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11/07/2022 04:11:54 PM


Rabbi Deana Sussman Berezin

Last week, Jewish people around the world celebrated the festival of Sukkot. During this time, we read from Ecclesiastes. Here, we learn that “To everything there is a season, and a time for every purpose under heaven. A time to be born and a time to die...A time to week and a time to laugh, a time to grieve and a time to dance…A time for war and a time for peace” (Ecclesiastes 3:1-8). 

For a long time, I took comfort in the idea that there is a set time for everything in life. The seasons of our lives feel, at times, both fleeting and eternal. We wish for moments of joy to last forever and for moments of pain to end swiftly. The notion that this, too, shall pass, brings me comfort. After all – for everything there is a season.

Then, I read a profound poem by Israeli poet Yehudah Amichai, A Man in His Life. “A man doesn’t have time in his life to have time for everything. He doesn’t have seasons enough to have a season for every purpose. Ecclesiastes was wrong about that. A man needs to love and to hate at the same moment, to laugh and cry with the same eyes…”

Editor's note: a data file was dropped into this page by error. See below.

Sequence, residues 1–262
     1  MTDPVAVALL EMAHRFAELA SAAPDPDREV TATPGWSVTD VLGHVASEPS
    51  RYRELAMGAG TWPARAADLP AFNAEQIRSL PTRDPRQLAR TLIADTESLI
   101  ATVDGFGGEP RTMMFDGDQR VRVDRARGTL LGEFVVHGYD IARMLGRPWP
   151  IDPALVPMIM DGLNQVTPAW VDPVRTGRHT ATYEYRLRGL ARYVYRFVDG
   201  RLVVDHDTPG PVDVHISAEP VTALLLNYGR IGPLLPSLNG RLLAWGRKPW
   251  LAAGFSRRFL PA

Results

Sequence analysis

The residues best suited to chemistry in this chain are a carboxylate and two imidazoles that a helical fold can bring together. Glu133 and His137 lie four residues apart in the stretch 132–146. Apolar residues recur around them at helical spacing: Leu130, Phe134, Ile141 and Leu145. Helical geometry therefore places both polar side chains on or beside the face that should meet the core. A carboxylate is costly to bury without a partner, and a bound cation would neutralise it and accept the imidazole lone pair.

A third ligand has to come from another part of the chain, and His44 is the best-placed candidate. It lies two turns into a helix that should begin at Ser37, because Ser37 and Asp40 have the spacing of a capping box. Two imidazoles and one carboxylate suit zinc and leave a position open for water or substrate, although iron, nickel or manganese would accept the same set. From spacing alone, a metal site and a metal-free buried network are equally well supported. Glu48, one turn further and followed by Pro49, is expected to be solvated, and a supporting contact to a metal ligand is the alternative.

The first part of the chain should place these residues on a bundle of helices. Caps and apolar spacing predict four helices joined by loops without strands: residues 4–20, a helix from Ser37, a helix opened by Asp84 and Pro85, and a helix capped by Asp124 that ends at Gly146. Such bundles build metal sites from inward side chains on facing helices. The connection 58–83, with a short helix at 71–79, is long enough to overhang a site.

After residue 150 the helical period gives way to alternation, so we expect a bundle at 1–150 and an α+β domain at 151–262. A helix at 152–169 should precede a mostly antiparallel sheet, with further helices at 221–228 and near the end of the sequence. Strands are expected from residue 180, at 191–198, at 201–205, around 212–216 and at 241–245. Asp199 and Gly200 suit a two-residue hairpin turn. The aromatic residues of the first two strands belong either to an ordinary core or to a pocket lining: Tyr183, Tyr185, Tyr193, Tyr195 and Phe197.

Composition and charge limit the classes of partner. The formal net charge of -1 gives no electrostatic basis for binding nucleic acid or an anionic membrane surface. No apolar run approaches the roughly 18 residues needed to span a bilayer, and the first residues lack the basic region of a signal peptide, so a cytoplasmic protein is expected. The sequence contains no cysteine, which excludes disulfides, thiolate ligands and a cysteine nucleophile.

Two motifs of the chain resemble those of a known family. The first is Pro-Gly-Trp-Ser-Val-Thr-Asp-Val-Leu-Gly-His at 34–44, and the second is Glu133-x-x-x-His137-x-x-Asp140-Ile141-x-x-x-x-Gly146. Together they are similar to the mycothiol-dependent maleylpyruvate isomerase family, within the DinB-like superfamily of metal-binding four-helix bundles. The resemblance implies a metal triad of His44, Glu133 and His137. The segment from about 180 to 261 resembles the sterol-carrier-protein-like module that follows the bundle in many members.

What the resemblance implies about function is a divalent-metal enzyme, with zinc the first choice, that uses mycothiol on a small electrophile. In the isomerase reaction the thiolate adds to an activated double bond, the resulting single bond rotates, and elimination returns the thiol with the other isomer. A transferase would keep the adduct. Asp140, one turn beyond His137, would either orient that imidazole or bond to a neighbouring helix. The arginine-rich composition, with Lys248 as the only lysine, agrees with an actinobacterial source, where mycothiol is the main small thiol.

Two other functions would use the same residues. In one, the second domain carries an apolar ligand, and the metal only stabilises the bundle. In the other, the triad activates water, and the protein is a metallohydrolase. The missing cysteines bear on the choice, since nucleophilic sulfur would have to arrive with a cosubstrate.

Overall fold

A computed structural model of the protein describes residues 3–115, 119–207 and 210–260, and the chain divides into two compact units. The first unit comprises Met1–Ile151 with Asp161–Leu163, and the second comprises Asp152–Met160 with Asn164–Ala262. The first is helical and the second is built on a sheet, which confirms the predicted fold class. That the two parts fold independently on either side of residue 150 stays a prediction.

Here, I find a different sense of comfort. Recognizing that love and hate exist simultaneously, and that laughter and tears co-mingle, reminds us of the profound complexity of life. We do not live in a world with neatly defined boxes, where we can move from one space to the next without bringing our experiences and our emotions with us. We hold both joy and sorrow in the same hands and experience them in the same moment. This, I believe, is what it means to be human. 


This special edition of Temple Talk comes from the Omaha World-Herald's "From the Pulpit" series. Rabbi Deana Sussman Berezin contributes to this printed series every few months. This is her submission as it appeared in the October 23 edition of the Omaha World-Herald. 

Mon, November 28 2022 4 Kislev 5783